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This project aims to support adults in HIV-affected families in order to improve their well-being. UCLA's Center for Community Health (CCH), in collaboration with the Thai Ministry of Public Health, Bureau of Epidemiology, will implement the Family-to-Family (F2F) intervention in order to improve the social, behavioral and mental health outcomes for families affected by HIV.
In Phase 1, the investigators pilot tested the current intervention contents and activities by collecting qualitative data from HIV+ families in the four district hospitals in Chiang Rai and Nakohn Ratchasima provinces selected for the proposed study. The findings from Phase was used to develop intervention content, as well as the format and style of the intervention for Phase 2. In addition, the findings from Phase 1 was used to finalize the assessment measures the investigators will use in Phase 2.
In Phase 2, 410 families with HIV+ parents from 4 district hospitals in Chiang Rai & Nakhon Ratchasima Provinces will be recruited to an intervention to benefit their school-aged children aged 6-17 years. At their clinical care site,the investigators randomly assigned families to either: 1) F2F, a psychoeducational intervention for HIV+ parents and family caregivers; or 2) a Standard Care condition. The impact of the F2F intervention will be monitored over 24 months.
HIV has a negative intergenerational impact on families, particularly children with HIV+ parents. In order to improve the social, behavioral and mental health outcomes for families affected by HIV, we have designed the Family-to-Family (F2F) intervention that includes the critical, universal, program components identified by the NIMH Intervention Workgroup. All efficacious intervention programs: frame the problem by providing information and shaping beliefs; enhance skills; establish supportive relationships; and remove environmental barriers to behavior change (e.g., HIV testing, ARV). We aim to evaluate a generic intervention approach including these components that is culturally-tailored to families affected by HIV in a specific country, Thailand.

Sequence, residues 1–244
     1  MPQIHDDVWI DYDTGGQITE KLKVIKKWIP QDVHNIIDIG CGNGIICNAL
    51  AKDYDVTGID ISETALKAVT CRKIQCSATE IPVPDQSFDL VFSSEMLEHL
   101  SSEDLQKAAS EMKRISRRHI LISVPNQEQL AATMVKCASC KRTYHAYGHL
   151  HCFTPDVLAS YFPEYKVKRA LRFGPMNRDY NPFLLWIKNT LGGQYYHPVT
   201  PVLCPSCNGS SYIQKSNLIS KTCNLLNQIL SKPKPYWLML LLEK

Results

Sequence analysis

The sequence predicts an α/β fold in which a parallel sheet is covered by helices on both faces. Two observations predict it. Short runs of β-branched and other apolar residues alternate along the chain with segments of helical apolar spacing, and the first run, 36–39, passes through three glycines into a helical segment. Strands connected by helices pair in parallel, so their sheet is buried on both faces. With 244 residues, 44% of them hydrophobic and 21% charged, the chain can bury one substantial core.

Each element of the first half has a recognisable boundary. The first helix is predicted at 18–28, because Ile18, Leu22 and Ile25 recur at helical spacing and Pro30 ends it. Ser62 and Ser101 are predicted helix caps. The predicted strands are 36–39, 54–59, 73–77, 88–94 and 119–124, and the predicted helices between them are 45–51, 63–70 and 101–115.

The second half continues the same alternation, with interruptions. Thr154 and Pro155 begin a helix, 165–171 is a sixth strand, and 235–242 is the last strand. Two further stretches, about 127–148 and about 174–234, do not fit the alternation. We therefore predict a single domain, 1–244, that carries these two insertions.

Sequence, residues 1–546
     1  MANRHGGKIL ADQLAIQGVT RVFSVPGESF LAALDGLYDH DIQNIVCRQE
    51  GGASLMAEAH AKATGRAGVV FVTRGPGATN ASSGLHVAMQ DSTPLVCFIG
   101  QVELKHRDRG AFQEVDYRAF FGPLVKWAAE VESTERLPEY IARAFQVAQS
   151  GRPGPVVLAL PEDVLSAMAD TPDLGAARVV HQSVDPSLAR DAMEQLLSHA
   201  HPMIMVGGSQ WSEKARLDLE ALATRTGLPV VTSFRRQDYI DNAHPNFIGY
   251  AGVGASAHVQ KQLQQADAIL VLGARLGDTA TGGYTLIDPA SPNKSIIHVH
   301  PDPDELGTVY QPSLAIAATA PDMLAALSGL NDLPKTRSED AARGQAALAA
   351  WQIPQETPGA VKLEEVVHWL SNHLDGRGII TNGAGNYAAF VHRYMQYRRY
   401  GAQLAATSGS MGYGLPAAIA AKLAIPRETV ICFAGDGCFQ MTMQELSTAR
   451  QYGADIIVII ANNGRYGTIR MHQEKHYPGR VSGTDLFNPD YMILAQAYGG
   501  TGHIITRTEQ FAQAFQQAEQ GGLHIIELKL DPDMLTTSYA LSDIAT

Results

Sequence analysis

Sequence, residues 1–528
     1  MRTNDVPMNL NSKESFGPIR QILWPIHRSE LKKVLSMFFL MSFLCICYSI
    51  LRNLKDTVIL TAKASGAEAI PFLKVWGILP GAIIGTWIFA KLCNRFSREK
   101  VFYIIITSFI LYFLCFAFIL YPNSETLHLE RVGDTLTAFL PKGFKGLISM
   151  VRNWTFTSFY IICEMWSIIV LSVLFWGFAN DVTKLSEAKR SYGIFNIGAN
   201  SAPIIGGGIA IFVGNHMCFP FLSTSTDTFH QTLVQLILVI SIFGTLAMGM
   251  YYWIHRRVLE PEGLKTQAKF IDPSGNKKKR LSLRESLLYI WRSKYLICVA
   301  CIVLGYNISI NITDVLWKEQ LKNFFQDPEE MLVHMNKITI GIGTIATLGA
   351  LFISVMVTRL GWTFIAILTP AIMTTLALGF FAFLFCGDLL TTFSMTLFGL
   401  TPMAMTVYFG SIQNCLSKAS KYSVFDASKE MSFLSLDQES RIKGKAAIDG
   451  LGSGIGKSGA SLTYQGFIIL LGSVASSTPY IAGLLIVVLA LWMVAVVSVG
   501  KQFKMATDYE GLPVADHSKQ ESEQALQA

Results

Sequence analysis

Families in Thailand need such an intervention: 1 in 4 elderly adults in Thailand will raise an AIDS orphan, even with a relatively low national seroprevalence rate (1.2%, I million adults). Thailand has a rising seroincidence. This research will design and evaluate an intervention for improving the long-term adjustment of families with HIV. We will intervene with HIV+ parents and family caregivers to improve the outcomes for families living with HIV.
The Specific Aims for the proposed study are:
1. To compare the outcomes over time of the school-age children of families in the intervention and SC conditions in each of the following domains: a) mental health symptoms; b) behavioral adjustment, and c) relationships with HIV+ parents, caregivers, and peers.
2. As intermediate outcomes, to compare the outcomes over time of the HIV+ parent in the intervention and the SC condition in terms of: health status; HIV transmission acts; parenting behaviors and bonds with children; and mental health symptoms.
3. As intermediate outcomes, to compare the outcomes over time of the partners and caregivers (about 80% grandparents) in the intervention and the SC condition in terms of: health status; mental health symptoms; caregiver burden; relationships with their HIV+ adult children, their school-age grandchildren, and bonds.
4. To compare the intermediate outcomes among those in the intervention and SC condition on disclosure and stigma-related stress.
5. To compare the influence of background factors on the impact of the intervention over time: age and gender of the HIV+ parent, the school-age child's age and gender, physical proximity in the living situation of the HIV+ parents and family caregivers, mode of initial transmission for acquisition of HIV (IDU, sexual acts), income and initial quality of relationships.
Allocation: Randomized, Control: Placebo Control, Intervention Model: Parallel Assignment, Masking: Open Label, Primary Purpose: Prevention
Quality of Life
Cognitive behavioral sessions
Active, not recruiting
University of California, Los Angeles
Published on BioPortfolio: 2014-08-27T03:17:05-0400
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